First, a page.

Defeat NHS cuts, carve-up and wage-squeeze!

Submitted by martin on 26 July, 2021 - 2:29 Author: Mohan Sen
KONP graphic

New figures from the TUC say that after the 3% pay rise the government is proposing, NHS workers will still be than 7.5% worse off than in 2010. Other figures have suggest the pay cut is bigger. Certainly for many NHS workers it will be much bigger.

The Tories are also saying that 3% must come from existing NHS budgets, i.e. from cuts to services. We demand a 15% increase, and fully funded.

Under pressure from NHS campaigners, Labour and the unions eventually spoke out against the Tories’ privatisation- and cuts-driving Health and Care Bill and the Parliamentary Labour Party voted against the Bill at its second reading on 14 July. It is now moving to "committee stage".

The Bill proposes that England is carved up into 42 Integrated Care Systems (ICSs), modelled on the Accountable Care Systems in the United States.

Private companies will have seats on the ICS boards and be able to influence decisions about where NHS money is spent. The Bill abolishes competitive tendering, but that means that NHS contracts will no longer have to be tendered; ICSs can just hand them out to any contractor.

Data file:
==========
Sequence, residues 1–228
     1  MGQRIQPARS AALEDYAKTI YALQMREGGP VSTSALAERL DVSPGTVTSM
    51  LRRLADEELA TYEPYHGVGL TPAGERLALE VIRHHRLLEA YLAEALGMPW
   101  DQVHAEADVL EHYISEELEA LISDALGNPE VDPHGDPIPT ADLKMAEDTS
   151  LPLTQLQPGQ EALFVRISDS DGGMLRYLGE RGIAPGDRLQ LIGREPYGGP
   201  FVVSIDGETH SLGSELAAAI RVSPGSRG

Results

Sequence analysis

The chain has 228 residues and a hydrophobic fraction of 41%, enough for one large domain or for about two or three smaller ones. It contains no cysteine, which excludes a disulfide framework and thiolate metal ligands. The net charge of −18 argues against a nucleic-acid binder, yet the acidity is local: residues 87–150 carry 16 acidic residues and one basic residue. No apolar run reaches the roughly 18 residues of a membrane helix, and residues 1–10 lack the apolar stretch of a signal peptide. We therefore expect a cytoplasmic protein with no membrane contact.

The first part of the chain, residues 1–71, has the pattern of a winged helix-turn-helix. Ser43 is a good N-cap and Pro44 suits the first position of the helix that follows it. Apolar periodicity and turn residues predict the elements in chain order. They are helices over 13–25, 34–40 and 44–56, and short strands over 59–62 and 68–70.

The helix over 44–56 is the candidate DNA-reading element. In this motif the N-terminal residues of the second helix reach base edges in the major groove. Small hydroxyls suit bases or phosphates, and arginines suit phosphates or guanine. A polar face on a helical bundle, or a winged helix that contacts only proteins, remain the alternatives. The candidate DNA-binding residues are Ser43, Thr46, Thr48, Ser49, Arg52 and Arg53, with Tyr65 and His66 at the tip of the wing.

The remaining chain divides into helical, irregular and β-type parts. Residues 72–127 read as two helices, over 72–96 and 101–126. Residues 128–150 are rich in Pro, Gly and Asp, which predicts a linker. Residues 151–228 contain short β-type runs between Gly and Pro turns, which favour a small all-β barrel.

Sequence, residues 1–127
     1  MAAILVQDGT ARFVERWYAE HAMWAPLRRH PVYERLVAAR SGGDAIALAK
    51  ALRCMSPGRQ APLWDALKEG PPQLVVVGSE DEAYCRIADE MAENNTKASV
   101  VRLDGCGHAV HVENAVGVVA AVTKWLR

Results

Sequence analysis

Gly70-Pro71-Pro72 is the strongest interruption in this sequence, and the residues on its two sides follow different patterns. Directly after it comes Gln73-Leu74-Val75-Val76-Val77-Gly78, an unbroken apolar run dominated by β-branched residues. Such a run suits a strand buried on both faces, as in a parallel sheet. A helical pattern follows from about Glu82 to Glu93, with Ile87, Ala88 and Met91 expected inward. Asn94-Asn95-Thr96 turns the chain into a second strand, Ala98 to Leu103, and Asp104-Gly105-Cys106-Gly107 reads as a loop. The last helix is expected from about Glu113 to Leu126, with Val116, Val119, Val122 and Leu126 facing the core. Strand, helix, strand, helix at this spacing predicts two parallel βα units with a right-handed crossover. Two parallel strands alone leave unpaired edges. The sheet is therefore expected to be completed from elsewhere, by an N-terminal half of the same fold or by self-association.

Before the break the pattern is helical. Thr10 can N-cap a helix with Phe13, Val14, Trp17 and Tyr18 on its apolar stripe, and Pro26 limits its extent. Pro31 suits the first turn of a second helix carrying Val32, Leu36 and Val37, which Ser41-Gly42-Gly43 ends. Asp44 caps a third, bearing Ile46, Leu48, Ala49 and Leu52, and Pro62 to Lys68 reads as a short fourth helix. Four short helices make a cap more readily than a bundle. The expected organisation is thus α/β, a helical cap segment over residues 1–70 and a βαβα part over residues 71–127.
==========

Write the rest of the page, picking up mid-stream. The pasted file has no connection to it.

But the Labour leaders, and even the unions, have done very little to mobilise opposition.

We should demand that unions and the Labour Party actually start campaigning, including by calling a national demonstration to support the NHS workers, oppose the Bill, and demand an emergency funding-increase and privatisation-decrease for the health service.

Even by Keir Starmer’s standards, the Labour Party’s disarray here has been spectacular. When the Tories proposed the NHS pay review body go for 1%, Labour advocated 2.1%. Now the pay review body has proposed 3%, and the government has accepted that, Labour is left blustering. It calls the proposal “shameful” but previously proposed a worse figure, and still advocates no alternative. The Labour government in Wales has announced… 3%.

We should also demand the labour movement speaks out on social care. The Tories still haven’t produced a plan for the sector, but the media says one is coming. It seems it will maintain a fragmented and privatised system and only introduce a very limited cap on costs.

The last Labour Party conference voted for a free, public social care system. But at Labour women’s conference shadow cabinet member Thangam Debbonaire attacked the idea, saying it would “give the Tories a stick to beat Labour with”.

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